Organizing a Bee School
Before students attend a bee school, a great deal of planning needs to take place:
Where will it be held?
What do we do about a curriculum?
Is there a projector there? What’s the resolution?
How is the course marketed?
What happens if class gets cancelled?
How do students sign up?
What’s the cost?
Will there be a text book? Which one?
Will there be (a) field day(s) where students get to work with bees?
Will students purchase bees through the school?
Will there be handouts?
It makes sense for some clubs to partner with another organization – like UMaine Cooperative Extension – to take care of many of the logistics.
Then the question becomes one of money – how are class proceeds shared?
One model is to have people who take the class become members of the local club, with the club receiving a membership fee for each participant.
Bee and Beekeeping Photos
Your best source of bee and beekeeper photographs is yourself. You have absolute control over your own photographs, and can copyright and license them as you will.
Other than your own photographs and charts, your options are to find images that are either not copyrighted, are in the public domain, or fulfill the license requirements that allow use. If keeping to a limited budget is not a priority, you can purchase image use rights from companies like Shutterstock. Shutterstock and companies like it are aggregators of images that can be used, if you are willing to part with your money.
Then there is the concept in copyright law of “Educational Fair Use.” One trouble is that educational institutions aren’t well defined so it isn’t always clear by whom copyrighted material can be used. Some people also say that anything posted to the Internet is meant to be used and shared. The mind boggles.
This is further complicated by the question is your venture commercial? Are you really hoping students will take your course and then buy all their beekeeping supplies from you? Some distribution licenses prohibit commercial use.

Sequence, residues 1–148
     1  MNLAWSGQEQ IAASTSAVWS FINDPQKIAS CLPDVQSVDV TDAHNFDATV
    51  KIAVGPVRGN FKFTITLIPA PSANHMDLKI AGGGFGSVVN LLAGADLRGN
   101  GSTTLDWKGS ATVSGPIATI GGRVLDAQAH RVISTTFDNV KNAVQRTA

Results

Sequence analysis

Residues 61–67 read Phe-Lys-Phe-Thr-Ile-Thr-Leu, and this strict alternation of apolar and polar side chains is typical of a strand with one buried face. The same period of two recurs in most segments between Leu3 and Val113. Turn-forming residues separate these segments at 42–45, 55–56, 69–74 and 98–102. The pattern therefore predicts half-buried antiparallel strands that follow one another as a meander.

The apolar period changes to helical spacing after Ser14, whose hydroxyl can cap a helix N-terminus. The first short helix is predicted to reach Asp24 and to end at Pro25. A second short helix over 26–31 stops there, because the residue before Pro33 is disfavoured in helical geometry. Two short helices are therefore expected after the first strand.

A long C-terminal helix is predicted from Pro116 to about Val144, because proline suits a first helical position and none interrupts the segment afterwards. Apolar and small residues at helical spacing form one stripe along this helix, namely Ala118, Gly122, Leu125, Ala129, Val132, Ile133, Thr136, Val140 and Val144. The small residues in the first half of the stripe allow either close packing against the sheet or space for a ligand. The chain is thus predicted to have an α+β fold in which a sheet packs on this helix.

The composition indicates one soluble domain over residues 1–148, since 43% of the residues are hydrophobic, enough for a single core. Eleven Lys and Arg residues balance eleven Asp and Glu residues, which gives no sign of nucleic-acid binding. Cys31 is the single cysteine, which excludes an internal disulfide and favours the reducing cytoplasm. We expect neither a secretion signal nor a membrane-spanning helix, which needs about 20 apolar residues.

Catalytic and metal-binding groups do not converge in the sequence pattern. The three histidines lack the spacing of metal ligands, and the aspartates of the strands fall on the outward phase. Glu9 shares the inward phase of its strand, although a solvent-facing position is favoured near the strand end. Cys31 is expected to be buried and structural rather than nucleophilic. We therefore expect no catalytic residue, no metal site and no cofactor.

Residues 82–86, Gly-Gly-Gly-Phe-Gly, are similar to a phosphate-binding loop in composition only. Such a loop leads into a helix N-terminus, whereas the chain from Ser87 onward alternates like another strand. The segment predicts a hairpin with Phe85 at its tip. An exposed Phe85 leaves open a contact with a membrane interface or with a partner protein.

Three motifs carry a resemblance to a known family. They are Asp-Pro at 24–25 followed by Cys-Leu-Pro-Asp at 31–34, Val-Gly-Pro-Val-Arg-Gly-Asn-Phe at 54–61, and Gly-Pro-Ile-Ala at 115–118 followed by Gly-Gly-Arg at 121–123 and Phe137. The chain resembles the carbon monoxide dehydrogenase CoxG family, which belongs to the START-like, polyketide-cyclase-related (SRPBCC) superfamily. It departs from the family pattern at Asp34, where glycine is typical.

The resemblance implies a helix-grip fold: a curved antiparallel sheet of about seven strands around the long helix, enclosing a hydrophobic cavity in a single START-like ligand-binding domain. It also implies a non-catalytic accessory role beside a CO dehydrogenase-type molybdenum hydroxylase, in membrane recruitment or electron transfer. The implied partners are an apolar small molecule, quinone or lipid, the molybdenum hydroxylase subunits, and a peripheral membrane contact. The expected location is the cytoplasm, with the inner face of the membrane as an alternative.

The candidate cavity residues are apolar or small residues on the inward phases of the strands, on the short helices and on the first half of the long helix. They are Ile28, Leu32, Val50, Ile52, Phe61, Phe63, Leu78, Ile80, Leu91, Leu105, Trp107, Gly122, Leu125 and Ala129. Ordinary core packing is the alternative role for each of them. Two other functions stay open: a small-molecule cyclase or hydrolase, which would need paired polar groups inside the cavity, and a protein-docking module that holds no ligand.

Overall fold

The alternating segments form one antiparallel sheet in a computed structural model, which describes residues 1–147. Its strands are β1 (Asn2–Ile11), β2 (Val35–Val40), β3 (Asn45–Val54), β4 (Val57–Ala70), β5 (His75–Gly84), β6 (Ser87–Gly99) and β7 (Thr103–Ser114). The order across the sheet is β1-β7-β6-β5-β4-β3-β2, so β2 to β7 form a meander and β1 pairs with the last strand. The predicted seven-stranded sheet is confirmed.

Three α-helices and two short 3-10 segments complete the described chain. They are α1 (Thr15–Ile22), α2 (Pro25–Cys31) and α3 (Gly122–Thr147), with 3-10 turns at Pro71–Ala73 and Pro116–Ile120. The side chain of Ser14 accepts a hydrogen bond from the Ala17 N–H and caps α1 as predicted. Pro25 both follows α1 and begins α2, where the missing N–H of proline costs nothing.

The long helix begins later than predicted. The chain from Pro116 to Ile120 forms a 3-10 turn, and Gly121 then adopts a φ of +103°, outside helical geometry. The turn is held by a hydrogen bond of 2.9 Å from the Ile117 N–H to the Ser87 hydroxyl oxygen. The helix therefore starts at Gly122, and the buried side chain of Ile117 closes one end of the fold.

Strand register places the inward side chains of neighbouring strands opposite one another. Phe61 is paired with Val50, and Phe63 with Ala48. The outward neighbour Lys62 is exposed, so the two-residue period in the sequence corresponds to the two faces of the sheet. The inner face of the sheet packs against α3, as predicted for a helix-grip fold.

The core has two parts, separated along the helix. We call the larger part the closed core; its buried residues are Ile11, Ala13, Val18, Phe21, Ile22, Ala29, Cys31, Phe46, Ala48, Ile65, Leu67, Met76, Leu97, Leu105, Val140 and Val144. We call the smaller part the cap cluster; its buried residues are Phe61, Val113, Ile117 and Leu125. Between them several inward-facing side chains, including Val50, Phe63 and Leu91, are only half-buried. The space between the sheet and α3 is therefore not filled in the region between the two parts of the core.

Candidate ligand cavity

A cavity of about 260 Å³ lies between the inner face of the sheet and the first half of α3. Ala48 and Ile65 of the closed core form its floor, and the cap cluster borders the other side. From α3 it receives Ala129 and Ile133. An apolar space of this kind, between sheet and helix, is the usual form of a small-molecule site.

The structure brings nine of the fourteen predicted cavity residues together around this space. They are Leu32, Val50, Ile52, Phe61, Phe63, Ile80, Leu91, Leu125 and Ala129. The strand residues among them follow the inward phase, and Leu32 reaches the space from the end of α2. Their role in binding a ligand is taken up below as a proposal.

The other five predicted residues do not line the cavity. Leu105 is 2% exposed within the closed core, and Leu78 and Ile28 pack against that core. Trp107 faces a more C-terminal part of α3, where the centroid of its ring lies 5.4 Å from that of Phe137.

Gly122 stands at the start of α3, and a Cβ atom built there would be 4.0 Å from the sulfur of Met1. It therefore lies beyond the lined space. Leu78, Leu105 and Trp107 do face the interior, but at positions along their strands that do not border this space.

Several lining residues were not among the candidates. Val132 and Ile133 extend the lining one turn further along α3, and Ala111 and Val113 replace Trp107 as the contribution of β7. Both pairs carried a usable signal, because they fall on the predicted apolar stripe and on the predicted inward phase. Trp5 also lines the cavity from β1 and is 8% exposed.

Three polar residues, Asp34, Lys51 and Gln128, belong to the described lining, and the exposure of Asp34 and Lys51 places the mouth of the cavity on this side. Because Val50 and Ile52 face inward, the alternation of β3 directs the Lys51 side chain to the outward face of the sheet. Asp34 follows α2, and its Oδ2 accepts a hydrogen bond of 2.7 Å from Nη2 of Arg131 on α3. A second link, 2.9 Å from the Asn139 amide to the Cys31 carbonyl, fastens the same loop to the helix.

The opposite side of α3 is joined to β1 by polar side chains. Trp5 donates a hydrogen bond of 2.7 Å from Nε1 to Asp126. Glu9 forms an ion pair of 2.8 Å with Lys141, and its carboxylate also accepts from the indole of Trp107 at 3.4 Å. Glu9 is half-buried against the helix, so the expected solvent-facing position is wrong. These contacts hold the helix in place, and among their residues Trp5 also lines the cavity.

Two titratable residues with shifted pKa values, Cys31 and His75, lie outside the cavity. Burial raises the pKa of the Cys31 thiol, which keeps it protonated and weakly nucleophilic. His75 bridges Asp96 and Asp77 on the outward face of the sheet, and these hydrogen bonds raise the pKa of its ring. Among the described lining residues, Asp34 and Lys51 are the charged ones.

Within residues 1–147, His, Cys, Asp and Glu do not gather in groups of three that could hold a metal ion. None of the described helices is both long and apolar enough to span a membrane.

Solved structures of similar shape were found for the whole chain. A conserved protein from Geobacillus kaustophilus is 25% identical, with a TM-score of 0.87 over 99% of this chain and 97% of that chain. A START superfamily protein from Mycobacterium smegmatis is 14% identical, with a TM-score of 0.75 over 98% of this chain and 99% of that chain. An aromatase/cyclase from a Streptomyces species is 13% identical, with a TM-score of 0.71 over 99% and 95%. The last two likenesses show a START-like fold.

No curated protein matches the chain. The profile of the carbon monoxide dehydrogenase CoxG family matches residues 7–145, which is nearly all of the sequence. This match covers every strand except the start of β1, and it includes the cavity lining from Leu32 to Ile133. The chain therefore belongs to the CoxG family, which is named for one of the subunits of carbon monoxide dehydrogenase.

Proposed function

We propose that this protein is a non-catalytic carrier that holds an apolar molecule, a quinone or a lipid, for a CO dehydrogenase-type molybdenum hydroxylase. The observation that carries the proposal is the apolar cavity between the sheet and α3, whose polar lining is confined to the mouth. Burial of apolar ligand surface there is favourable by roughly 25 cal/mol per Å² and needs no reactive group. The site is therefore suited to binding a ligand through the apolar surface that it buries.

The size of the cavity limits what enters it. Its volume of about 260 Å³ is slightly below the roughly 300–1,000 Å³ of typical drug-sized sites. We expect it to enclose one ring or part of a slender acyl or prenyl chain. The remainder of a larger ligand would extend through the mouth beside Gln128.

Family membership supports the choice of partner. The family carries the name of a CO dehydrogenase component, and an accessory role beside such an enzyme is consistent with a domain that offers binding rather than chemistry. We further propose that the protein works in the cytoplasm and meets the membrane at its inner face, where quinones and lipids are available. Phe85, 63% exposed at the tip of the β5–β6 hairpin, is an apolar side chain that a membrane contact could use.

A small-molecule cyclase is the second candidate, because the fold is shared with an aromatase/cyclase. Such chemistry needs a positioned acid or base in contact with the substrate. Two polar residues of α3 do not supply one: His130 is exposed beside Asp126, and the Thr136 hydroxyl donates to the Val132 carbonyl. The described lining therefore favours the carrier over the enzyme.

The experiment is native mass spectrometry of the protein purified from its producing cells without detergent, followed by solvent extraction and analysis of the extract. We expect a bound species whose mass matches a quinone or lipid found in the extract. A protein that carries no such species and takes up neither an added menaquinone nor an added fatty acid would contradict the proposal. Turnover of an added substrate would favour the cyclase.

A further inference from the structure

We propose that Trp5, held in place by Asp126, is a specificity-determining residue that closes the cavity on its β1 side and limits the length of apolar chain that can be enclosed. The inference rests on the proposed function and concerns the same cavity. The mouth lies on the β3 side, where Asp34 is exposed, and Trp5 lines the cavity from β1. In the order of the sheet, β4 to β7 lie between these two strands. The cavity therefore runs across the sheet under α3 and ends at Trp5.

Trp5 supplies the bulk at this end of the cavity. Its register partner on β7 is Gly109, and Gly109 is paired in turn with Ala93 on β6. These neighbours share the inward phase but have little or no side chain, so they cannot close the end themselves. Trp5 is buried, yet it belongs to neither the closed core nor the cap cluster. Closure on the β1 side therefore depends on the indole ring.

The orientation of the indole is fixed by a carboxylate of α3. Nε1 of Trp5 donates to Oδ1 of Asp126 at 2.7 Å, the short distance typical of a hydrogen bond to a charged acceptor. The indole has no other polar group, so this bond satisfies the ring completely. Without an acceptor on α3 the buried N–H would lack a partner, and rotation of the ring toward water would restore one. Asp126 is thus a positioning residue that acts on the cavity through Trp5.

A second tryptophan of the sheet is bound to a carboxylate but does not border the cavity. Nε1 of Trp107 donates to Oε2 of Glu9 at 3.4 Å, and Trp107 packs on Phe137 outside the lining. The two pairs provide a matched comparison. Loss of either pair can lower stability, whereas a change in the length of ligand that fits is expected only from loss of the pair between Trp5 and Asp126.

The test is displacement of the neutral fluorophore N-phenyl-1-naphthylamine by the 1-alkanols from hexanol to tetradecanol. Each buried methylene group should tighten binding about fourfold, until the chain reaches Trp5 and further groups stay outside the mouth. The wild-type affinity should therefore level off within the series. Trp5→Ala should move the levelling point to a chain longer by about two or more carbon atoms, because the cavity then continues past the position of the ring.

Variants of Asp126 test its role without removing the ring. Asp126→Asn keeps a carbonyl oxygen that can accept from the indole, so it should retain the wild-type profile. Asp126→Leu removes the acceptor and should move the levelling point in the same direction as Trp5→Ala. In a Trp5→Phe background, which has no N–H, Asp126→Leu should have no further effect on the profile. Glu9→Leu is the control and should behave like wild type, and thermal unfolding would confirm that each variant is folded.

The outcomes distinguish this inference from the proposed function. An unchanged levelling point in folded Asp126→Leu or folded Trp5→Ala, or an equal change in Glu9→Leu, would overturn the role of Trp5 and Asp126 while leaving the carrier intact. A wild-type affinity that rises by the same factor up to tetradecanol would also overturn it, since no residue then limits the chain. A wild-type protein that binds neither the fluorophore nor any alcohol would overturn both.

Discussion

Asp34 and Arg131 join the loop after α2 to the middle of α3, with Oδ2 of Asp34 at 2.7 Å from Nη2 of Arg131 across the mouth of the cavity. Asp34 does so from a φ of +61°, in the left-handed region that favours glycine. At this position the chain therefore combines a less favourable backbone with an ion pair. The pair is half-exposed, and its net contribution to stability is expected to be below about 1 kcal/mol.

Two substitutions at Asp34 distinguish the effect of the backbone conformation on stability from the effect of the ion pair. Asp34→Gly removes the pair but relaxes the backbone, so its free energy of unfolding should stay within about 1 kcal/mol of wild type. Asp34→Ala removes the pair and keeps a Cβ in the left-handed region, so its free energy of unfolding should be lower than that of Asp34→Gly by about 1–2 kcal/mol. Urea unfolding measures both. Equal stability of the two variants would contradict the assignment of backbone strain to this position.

Wikipedia has a discussion of Fair Use issues.
Some companies will give you a few images that you can use for free, mostly as a teaser for you to purchase a subscription from them. A variety of plans are available – it comes down to how many images do you want and over what time period.
As you look around you’ll find bee web sites like Randy Oliver’s scientificbeekeeping.com that allow use of their images for educational purposes if attributed. That’s the “Photo courtesy of scientificbeekeeping.com” you see under some pictures. Others may be usable for “non-commercial” purposes, for example says BeeBase:
“You may re-use Crown copyright protected material (excluding the Royal Arms and other departmental or agency logos) free of charge in any format for non-commercial research, private study or internal circulation within your organisation. The material must be acknowledged as Crown copyright and you must give the title of the source document/publication. When reproducing such information, Beebase encourages users to establish hypertext links to this website.
When reproducing images, please associate the phrase "Courtesy The Animal and Plant Health Agency (APHA), Crown Copyright" alongside each image”
Will your use satisfy the stated requirements? Maine Bee Wellness can’t answer that. At least they are very specific about their attribution requirements.
Then the are a few places like Dave Cushman’s website that says “Dave deliberately held no copyright and granted free use of any material or software, apart from family photograph…”The policy of this website has always be openness and will continue to be so. If you wish to use material you are welcome to do so, but please give a credit as follows - "Credit: Dave Cushman's website".
Federal Government photos are usually free of copyright. Some websites (such as Flickr) allow you to see images by a certain type of distribution license – for example Federal Works or Creative Commons.
Other well known bee photographers (like Zachary Huang) make their photographs available if the use is both non-profit and educational.
Be cautious in using collections of images, such as those shared on Pinterest. It can be hard to know for sure who the copyright holder is. (A basic part of Educational Fair Use is crediting the copyright holder.) Google images can help you search for where images have been published on the web, and you may be able to track down the copyright holder doing a reverse image search. For our Power Point Bee School presentation, there were images posted to Pinterest were traced back to coming from The Pollinator Partnership and being copyrighted by them.
You may discover a great repository of photographs and graphics you can use in your Power Points and handouts. If you do, please let Maine Bee Wellness know, and we’ll share that information.
If there is enough interest, Maine Bee Wellness could host a gallery of images created by Maine Beekeepers and appropriately licensed. If that is something you think Maine Bee Wellness needs to do, let us know.